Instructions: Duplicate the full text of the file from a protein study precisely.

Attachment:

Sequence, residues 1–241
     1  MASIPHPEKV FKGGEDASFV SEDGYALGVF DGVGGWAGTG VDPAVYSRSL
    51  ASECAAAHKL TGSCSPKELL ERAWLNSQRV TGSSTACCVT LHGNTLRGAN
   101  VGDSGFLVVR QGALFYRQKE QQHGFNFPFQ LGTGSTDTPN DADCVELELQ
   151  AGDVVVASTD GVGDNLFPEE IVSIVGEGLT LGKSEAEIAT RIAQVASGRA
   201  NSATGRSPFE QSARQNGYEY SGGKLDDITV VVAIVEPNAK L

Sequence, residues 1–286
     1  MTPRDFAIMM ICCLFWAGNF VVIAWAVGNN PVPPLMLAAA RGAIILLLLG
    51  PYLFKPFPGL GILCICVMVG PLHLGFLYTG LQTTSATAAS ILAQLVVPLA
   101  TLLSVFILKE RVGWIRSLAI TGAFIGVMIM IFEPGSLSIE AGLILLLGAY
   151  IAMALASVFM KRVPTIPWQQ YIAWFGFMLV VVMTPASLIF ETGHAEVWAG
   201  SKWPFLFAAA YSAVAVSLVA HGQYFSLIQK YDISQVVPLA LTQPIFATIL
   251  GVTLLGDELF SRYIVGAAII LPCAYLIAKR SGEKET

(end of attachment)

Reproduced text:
Sequence, residues 1–241
     1  MASIPHPEKV FKGGEDASFV SEDGYALGVF DGVGGWAGTG VDPAVYSRSL
    51  ASECAAAHKL TGSCSPKELL ERAWLNSQRV TGSSTACCVT LHGNTLRGAN
   101  VGDSGFLVVR QGALFYRQKE QQHGFNFPFQ LGTGSTDTPN DADCVELELQ
   151  AGDVVVASTD GVGDNLFPEE IVSIVGEGLT LGKSEAEIAT RIAQVASGRA
   201  NSATGRSPFE QSARQNGYEY SGGKLDDITV VVAIVEPNAK L

Sequence, residues 1–286
     1  MTPRDFAIMM ICCLFWAGNF VVIAWAVGNN PVPPLMLAAA RGAIILLLLG
    51  PYLFKPFPGL GILCICVMVG PLHLGFLYTG LQTTSATAAS ILAQLVVPLA
   101  TLLSVFILKE RVGWIRSLAI TGAFIGVMIM IFEPGSLSIE AGLILLLGAY
   151  IAMALASVFM KRVPTIPWQQ YIAWFGFMLV VVMTPASLIF ETGHAEVWAG
   201  SKWPFLFAAA YSAVAVSLVA HGQYFSLIQK YDISQVVPLA LTQPIFATIL
   251  GVTLLGDELF SRYIVGAAII LPCAYLIAKR SGEKET